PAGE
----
1. Ecology
Download icon

Digitizing mass spectrometry data to explore the chemical diversity and distribution of marine cyanobacteria and algae

  1. Tal Luzzatto-Knaan  Is a corresponding author
  2. Neha Garg
  3. Mingxun Wang
  4. Evgenia Glukhov
  5. Yao Peng
  6. Gail Ackermann
  7. Amnon Amir
  8. Brendan M Duggan
  9. Sergey Ryazanov
  10. Lena Gerwick
  11. Rob Knight
  12. Theodore Alexandrov
  13. Nuno Bandeira
  14. William H Gerwick  Is a corresponding author
  15. Pieter C Dorrestein  Is a corresponding author
  1. University of California San Diego, United States
  2. Scripps Institution of Oceanography, University of California San Diego, United States
  3. European Molecular Biology Laboratory, Germany
Research Article
Cite this article as: eLife 2017;6:e24214 doi: 10.7554/eLife.24214
5 figures, 4 data sets and 3 additional files

Figures

MS/MS features as generated in GNPS are shown for marine cyanobacteria and algae (green), marine and terrestrial actinobacteria (blue), lichens (red), freshwater cyanobacteria (yellow) and corals (pink).

(A) PCoA plots of 300 samples randomly selected from each dataset display the distance between samples based on molecular features using Bray-Curtis dissimilarity matrix. (B) Marine cyanobacteria and algae and freshwater cyanobacteria. Laboratory cultures of Phormidium 1646, Lyngbya 1933 are highlighted in red circles. Each sphere represents the full sample metabolome (C) Venn diagram display of overlapping MS/MS features. Percentage of overlapping features with the marine cyanobacteria and algae dataset are given in parenthesis in their respective colors (Supplementary file 1).

https://doi.org/10.7554/eLife.24214.003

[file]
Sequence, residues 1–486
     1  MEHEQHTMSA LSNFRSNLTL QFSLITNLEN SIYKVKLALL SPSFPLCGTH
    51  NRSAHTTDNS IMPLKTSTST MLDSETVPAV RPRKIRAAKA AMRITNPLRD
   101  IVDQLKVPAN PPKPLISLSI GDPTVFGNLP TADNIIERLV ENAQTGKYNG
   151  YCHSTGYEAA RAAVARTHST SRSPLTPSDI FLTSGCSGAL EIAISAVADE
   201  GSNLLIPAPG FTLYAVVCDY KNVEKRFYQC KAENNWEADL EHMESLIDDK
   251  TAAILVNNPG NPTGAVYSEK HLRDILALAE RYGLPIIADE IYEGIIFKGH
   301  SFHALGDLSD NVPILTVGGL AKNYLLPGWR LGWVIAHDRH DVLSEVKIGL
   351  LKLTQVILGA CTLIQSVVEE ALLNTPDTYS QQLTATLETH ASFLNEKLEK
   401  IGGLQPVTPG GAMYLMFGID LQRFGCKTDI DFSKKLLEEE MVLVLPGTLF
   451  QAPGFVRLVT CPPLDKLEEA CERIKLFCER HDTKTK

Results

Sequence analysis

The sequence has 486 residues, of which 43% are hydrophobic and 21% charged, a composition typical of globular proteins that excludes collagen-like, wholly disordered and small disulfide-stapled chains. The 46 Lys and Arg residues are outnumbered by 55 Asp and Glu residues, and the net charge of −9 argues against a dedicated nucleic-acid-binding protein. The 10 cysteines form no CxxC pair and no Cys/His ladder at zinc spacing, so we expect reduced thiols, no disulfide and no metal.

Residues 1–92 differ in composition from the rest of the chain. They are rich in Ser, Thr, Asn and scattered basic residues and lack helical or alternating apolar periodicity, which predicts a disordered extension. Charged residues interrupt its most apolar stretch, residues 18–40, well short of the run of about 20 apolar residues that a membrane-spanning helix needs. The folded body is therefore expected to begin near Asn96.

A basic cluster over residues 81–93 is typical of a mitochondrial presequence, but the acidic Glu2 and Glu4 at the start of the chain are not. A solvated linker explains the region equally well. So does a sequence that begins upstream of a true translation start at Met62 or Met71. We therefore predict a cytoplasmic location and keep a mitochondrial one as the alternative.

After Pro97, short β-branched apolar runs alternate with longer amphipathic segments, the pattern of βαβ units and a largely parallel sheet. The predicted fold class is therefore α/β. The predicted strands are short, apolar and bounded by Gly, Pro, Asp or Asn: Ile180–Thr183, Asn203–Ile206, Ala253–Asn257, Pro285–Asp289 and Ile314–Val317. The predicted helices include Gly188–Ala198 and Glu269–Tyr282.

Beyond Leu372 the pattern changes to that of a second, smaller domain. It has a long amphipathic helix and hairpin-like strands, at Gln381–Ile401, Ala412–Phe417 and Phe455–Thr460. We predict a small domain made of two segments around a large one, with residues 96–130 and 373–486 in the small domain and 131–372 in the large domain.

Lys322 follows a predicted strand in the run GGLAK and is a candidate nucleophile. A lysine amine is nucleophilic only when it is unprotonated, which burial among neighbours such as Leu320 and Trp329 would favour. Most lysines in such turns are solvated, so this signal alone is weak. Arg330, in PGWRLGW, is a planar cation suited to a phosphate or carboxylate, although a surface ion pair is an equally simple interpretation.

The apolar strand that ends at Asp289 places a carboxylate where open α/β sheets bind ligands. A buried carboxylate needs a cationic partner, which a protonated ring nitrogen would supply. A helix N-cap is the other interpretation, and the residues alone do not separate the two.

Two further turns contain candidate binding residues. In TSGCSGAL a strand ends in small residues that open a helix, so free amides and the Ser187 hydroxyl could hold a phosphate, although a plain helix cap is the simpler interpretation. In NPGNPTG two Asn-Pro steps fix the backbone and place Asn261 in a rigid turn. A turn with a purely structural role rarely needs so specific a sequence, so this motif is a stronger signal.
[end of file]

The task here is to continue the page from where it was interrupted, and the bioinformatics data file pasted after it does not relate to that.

Figure 2 with 1 supplement
MS/MS feature diversity between and within sampling sites.

PCoA plots of crude extract molecular features using Bray-Curtis, dissimilarity matrix. Each point represents a single sample and points are colored by metadata. (A) PCoA plot shows the distance between samples based on field identified classification. (B) PCoAs color coded by geographical origin shows the distance of all locations together (B: upper panel) and the individual PCoA plots of the four collection sites with most samples (B: lower panel). Laboratory cultures of Phormidium 1646, Lyngbya 1933 and Lyngbya 1963 are highlighted in orange circles.

https://doi.org/10.7554/eLife.24214.004
Figure 2—figure supplement 1
PCA plot of crude extracts of cyanobacteria and algae collections.

PCA was performed using Bruker Profile Analysis software version 2.1. Samples are displayed by collection location as described in the legend. NAC-Curacao, PAB-Panama Bocas del Toro, PAC-Panama Coiba, PAG-Panama Gulf of Chiriqui, PAP-Panama Portobelo, PAL-Palmyra Atoll, PNG-Papua New Guinea.

https://doi.org/10.7554/eLife.24214.005
Figure 3 with 3 supplements
Chemodiversity and richness of molecular features based on MS/MS data.

(A) Rarefaction curve of cyanobacteria collection library showing the chemical richness of crude extracts vs. the fraction library. (B) Abundance of molecular families: Bars represent the number of features and spectra comprising each molecular family clustered by GNPS molecular networking. (C) Bar chart depicting both the total number of extracts from a given location and the percent contribution of unique features to the entire dataset. (D) Pie chart representing the percentage of unique molecular features attributed to origin of the sample. HI-Hawaii, NAC-Curacao, PAB-Panama Bocas del Toro, PAC-Panama Coiba, PAG-Panama Gulf of Chiriqui, PAP-Panama Portobelo, PAL-Palmyra Atoll, PNG-Papua New Guinea.

https://doi.org/10.7554/eLife.24214.006
Figure 3—figure supplement 1
Molecular network of marine cyanobacterial natural products with annotated molecular families.